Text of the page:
Friday, January 25, 2013

Ligustrums, escargot and other intrigues

Yesterday afternoon, the sun came out and felt wonderfully warm. So I fetched my gloves and clippers and did a little work in the Wildscape. I concentrated mostly on ATTACKING the wax ligustrum. They are so so so invasive and mean. I cut them back, and they just happily resprout resprout resprout.

Whilst whacking, I came across several large snails. Uh, oh. Invasives, too. At least not native to the Hill Country.  (See my February 20, 2011, post on the topic. They can be eaten as escargot.)

You should kill it, I told myself.  

No, can't, sorry, I retorted.  

Then I threw it as hard as I could....right into a pile of brush as the edge of our yard. Darn.

I came across yet another one. Then an image flashed through my head....a photo a friend on Facebook had shared a photo of a snail infestation in her yard. I sure didn't want THAT! So I grimaced, set the snail on the compost pile, placed a piece of wood on it, and thenWHAM!!stepped on it. (Photo below of my dastard deed. Those are egg shells stuck to the smashed snail).  

I did the same with four more snails. I hate killing things, but sometimes it's got to be done. 

Like with ligustrums. Back to that. This morning, I emailed our Master Naturalist chapter and asked if vinegar poured on a stump will kill it for good. Here's what folks suggested:

* Our extension agent recommended using CLR shower cleaner as a stump killer.

* Our former president suggested I use Green Light Cut Vine & Stump Killer as a low-risk herbicide. 

* Bill L. recommended mixing a gallon of 20 percent vinegar with 2 ounces of orange oil and spray the stumps.

* Claire H. wrote, "We have had luck with cutting them as close to the ground as possible, cutting the roots and then painting  the cut areas with Round Up. You then need to cover the stumps with a black plastic bag and cover that with mulch so it looks good. We have not had our Chinese tallow return since we did this about six months ago and prior to that it kept sending up sprouts after about three weeks and they grew very rapidly. The tree was cut down three years ago, but just refused to die and I do not miss all the seedlings that it planted everywhere."

* George B. offered: "On the ranch we have found Roundup to be useful in controlling grasses (for instance, to control encroachment on our roads) and for some leafy plants but much less effective on woody plants (like poison ivy). Our biggest concern is what the locals call dry land willow, and unfortunately we have too much to ever hope to eradicate it. But we do try to control it in certain areas. We have found that Remedy mixed with three or four parts diesel fuel works very well. Treating woody stems works best when applied to a freshly cut stem or truck. We apply our mixture with a small brush directly to the freshly exposed cambium layer, which greatly reduces damage to nearby desirable vegetation."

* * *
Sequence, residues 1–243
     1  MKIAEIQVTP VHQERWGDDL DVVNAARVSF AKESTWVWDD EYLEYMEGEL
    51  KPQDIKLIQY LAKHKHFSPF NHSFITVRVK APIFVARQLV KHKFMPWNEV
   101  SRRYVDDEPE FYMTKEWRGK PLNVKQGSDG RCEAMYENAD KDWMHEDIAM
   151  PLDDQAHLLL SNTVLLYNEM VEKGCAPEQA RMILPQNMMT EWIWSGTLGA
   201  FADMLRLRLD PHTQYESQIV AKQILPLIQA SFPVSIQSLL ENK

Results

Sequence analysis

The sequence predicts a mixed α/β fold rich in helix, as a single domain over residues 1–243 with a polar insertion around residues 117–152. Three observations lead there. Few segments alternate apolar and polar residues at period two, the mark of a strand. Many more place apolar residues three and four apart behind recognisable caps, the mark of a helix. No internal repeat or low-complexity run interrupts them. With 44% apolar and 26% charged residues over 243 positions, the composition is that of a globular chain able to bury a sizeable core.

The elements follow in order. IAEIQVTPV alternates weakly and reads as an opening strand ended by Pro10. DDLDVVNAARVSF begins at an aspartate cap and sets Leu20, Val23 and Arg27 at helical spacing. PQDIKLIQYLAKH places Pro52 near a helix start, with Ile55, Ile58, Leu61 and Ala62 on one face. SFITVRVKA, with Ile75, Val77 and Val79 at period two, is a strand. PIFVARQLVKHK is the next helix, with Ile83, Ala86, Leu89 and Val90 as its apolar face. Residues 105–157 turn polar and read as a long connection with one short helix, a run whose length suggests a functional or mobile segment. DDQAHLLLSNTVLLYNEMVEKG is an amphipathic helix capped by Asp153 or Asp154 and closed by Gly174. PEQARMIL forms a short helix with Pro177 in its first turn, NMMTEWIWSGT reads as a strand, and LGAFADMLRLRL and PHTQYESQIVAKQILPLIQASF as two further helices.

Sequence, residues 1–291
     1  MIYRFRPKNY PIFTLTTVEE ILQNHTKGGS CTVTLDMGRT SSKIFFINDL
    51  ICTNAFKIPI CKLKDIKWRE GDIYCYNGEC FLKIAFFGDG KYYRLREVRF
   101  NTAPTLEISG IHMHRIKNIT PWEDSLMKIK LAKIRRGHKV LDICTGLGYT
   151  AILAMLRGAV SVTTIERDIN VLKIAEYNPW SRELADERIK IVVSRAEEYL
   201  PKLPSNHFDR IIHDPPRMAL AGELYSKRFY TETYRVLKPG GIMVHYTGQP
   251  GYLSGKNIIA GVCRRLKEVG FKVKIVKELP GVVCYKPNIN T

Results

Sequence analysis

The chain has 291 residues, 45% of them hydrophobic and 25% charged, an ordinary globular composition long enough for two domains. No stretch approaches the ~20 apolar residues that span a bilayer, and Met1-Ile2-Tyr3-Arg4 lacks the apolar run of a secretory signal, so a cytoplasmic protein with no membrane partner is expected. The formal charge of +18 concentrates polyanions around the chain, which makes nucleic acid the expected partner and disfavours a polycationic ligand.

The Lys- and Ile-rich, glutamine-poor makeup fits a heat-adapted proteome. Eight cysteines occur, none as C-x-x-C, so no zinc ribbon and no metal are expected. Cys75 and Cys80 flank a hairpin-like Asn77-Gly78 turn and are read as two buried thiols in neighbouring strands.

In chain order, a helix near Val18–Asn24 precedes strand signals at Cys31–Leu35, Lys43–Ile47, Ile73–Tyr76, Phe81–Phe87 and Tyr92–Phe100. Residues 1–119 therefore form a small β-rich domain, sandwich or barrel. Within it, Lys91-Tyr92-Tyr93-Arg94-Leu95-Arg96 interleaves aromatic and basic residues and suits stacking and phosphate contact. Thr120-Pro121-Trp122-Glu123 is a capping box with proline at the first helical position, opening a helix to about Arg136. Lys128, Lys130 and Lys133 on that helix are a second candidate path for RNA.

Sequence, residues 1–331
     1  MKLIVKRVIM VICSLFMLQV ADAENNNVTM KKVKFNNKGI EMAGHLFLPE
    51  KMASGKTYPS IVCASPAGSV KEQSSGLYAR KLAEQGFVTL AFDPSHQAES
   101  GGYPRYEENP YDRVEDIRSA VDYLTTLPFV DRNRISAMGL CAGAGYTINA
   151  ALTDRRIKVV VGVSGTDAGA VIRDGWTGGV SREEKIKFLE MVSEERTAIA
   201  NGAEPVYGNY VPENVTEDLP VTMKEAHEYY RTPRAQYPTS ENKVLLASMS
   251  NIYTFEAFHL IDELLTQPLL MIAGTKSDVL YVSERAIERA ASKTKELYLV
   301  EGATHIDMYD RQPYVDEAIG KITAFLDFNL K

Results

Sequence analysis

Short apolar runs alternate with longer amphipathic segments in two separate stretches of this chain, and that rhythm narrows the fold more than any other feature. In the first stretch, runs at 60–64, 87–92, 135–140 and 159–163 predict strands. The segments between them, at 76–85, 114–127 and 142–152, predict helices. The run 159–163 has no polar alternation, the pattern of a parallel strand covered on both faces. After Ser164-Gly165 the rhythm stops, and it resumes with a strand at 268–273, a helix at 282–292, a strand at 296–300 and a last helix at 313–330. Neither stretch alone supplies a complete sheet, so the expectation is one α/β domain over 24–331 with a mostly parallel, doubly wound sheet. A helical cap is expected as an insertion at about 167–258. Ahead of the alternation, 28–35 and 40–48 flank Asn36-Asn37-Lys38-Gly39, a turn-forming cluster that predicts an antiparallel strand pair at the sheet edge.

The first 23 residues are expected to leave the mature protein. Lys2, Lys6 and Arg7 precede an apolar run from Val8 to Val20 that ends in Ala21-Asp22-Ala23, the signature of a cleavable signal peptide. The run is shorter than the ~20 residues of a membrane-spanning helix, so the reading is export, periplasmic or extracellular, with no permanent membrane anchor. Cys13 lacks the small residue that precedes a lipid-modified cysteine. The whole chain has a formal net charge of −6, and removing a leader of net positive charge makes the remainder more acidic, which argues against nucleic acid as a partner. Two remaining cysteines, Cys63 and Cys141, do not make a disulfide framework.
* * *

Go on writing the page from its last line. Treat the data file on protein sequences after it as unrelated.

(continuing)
Thanks, everyone! We haven't decided yet what we should do....

During my trimming, I also came across these eggs attached to the dead blue mistflower foliage. That's one reason why I like to wait until later to trim and prune back. Because wildlife often uses the dead vegetation for shelter or other reasons.

Close up of eggs on mistflower.
Speaking of eggs, I was pulling dead stuff and green algae from the stock tank pond the other day when I happened to spot what looks like a bubble filled with eggs. I'm keeping an eye on it to see what happens.

And today, I spotted a caterpillar in the rue! What a lovely sight to see in January!


James said...

Never a dull moment with my sweet, funny, beautiful, wonderful, amazing........ wife!

Sheryl Smith-Rodgers said...

Weird's more like it! :-)

sandy lawrence said...

I don't know what their proper name is, but the long tubular looking snails kill the round 'escargot' ones. The round ones sort of dissolve after an attack. I've seen it with my own eyes and read it on gardening posts and in articles, as well. Hope you have some of those long ones, too!

I try to console myself with the fact that birds love the purple berries on ligustrums. Flocks of robins and cedar waxwings arrive next month here to strip the remaining berries. Someone years ago surrounded my property with a row of ligustrums that are now trees. I just have to live with them, cut out the dead wood when it occurs, and manually pull up about a gazillion seedlings each spring. Ugh.

Wonder if your pond eggs are frogs?

sandy lawrence said...

Perhaps you saw Jenny's timely blog entry on "When Good Snails Go Bad",

Sheryl Smith-Rodgers said...

No, I'll take a look-see, Sandy! And yesterday I looked for the eggs in our stock tank pond. But alas, I couldn't see them. That would be so cool if we did have frog eggs. But I was thinking maybe damselfly eggs. Maybe nuthin' now. Darn.

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